I am by no means a morning person, rather than bouncing out of bed awake and alert I prefer to snatch a few more precious moments of sleep snuggled deeply beneath a cozy duvet. My alarm is always on snooze and usually wakes everybody else in the house up before me. Ive taken this aproch to mornings for as long as I can remember and  it invariably means I skip breakfast, particularly in the winter on dark frosty mornings. Yes, I know this is very naughty but on days where the choice is being late for work versus skipping breakfast I always choose the latter (And usually wind up a few minutes late for work anyway!) So in a bid to look after myself I thought breakfast on the go would be a wise decision. 

This overnight oats recipe is great for a portable breakfast and it can be prepared the night before (Leading to a bonus extra 2 mins in bed as a reward for being so organised!) Then grabbed quickly from the fridge before running to the car the following morning. I made up a batch in jam jars for easy transportation too.

Ingredients for 1 jam jar:

  • 1 apple, cut ito halves and one half grated
  • 75g rolled oats
  • 150ml pressed apple juice/pinapple juice/apple and mango juice
  • 50g of dried fruit, I use sour cherries but sultanas and raisins work well too

……and to finish you will need:

  • The other half of the above apple
  • a sprinkling of toasted nuts
  • a drizzle of honey
  • a spoonful of greek yoghurt

The night before combine the grated apple, oats, fruit juice and dried fruit in a jam jar, stir well to combine then pop the lid back on the jam jar and place in the fridge overnight. The oats and cherries will soak up all the fruit juice resulting in a fruity porridge-esque breakfast ready to go for the next day. Place the honey and yoghurt together in a separate pot and refrigerate overnight alongside the oat mixture. I also like to prepare my nuts the eve before and leave them on the kitchen side, all ready to go.

The following morning choose either of the following options, whichever is most suited to you

  1. Awake a minute or two before your alarm is set to go off. Tiptoe downstairs so as not to wake the rest of the household, make a nice cup of tea and remove bircher Muesli from the fridge. Neatly slice the remaining half of the apple and add this along with the nuts, honey and yoghurt to the top of the oat mix then sit calmly on the sofa doing something constructive like reading a good book or watching the morning news, safe in the knowledge you have plenty of time to prepare for the day ahead (How I wish my mornings started)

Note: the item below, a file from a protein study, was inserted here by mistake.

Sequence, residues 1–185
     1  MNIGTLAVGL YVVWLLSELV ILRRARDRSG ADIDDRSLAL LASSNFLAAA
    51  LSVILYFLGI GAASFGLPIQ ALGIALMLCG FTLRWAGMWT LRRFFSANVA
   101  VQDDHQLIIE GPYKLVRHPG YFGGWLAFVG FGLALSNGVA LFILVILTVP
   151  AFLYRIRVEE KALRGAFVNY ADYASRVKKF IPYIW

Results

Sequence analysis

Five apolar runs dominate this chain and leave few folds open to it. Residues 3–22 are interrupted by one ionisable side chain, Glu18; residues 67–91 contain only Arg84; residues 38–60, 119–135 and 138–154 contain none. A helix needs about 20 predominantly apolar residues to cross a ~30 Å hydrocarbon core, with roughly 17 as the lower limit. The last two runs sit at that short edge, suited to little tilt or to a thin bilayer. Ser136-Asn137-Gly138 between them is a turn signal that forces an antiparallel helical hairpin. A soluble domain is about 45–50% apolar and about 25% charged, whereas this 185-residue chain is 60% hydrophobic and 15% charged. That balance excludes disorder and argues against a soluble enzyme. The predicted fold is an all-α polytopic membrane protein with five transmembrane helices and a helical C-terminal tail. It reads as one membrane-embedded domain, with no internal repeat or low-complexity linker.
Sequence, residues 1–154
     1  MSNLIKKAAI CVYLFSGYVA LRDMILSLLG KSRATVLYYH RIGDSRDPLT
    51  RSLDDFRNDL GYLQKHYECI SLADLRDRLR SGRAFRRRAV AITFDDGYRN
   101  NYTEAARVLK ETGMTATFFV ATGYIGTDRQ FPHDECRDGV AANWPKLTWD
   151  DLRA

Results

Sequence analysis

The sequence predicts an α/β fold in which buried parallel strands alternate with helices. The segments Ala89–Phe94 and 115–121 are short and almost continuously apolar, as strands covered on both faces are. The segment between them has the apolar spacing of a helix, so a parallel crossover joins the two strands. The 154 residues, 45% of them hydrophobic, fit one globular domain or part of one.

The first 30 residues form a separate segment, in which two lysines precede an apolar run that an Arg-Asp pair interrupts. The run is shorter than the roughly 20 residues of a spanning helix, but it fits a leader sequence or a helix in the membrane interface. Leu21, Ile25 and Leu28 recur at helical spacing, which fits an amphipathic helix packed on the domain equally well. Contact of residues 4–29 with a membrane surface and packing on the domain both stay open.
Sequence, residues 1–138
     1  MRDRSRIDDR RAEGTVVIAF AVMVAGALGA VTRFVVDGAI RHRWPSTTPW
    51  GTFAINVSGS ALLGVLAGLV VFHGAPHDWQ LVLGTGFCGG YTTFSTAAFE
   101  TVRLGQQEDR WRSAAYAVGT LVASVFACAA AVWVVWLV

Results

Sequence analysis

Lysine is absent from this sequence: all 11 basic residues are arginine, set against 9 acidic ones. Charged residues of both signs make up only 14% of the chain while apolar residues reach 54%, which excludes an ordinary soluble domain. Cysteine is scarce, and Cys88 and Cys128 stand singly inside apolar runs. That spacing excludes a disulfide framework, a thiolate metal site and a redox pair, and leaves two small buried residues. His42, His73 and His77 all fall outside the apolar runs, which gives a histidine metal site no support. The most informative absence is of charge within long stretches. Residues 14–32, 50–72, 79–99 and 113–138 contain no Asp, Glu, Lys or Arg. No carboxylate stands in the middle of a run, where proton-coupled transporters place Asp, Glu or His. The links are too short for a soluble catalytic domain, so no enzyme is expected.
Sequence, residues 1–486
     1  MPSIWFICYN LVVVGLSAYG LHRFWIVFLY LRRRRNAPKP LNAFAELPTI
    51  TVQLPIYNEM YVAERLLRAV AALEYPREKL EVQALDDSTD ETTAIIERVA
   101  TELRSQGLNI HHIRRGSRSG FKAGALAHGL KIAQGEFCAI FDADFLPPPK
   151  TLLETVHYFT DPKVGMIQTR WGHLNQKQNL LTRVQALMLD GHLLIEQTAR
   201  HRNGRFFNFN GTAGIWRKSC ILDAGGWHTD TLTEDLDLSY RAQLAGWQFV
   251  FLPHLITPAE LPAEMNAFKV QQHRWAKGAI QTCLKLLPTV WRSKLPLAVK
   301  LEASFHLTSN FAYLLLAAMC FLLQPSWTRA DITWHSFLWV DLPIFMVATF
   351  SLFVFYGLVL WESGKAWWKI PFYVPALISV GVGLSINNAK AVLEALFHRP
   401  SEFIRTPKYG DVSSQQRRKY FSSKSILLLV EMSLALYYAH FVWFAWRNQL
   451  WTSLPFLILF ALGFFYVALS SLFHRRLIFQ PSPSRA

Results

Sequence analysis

2. Awake 20/30 minutes after your alarm goes off, usually with a cat sitting on my head or a vigorous shake from C telling me i’ve woken everybody else up by sleeping through my alarm and it’s really time to get up now. Stumble downstairs to make a cup of tea, which I probably won’t have time to drink, shower and get dressed (Clothes I also prepare the night before to avoid that just thrown on look) grab bircher muesli and run to the car, drive swiftly (but safely) to work, realise that despite my bed best efforts (yes I’m still wishing I was back in bed) I have forgotten the honey yoghurt and nuts diligently prepared the previous evening (no worries here, breakfast will still taste good) eat breakfast at the desk with a few disapproving looks from more organised/motivated colleagues. (how my morning actually starts)

Are you a morning person? 

bircher mueslibreakfast to go